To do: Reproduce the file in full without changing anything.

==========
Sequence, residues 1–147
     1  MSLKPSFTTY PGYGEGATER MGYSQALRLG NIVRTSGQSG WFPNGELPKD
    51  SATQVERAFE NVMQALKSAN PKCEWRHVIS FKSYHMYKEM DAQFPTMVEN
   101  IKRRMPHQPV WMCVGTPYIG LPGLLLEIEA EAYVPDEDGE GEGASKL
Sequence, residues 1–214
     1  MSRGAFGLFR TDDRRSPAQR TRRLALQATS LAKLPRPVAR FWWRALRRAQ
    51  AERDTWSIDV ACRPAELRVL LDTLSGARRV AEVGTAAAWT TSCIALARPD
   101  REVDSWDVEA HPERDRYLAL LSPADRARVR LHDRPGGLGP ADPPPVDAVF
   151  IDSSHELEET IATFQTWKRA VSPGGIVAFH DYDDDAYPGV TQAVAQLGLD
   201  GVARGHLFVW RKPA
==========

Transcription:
Sequence, residues 1–147
     1  MSLKPSFTTY PGYGEGATER MGYSQALRLG NIVRTSGQSG WFPNGELPKD
    51  SATQVERAFE NVMQALKSAN PKCEWRHVIS FKSYHMYKEM DAQFPTMVEN
   101  IKRRMPHQPV WMCVGTPYIG LPGLLLEIEA EAYVPDEDGE GEGASKL
Sequence, residues 1–214
     1  MSRGAFGLFR TDDRRSPAQR TRRLALQATS LAKLPRPVAR FWWRALRRAQ
    51  AERDTWSIDV ACRPAELRVL LDTLSGARRV AEVGTAAAWT TSCIALARPD
   101  REVDSWDVEA HPERDRYLAL LSPADRARVR LHDRPGGLGP ADPPPVDAVF
   151  IDSSHELEET IATFQTWKRA VSPGGIVAFH DYDDDAYPGV TQAVAQLGLD
   201  GVARGHLFVW RKPA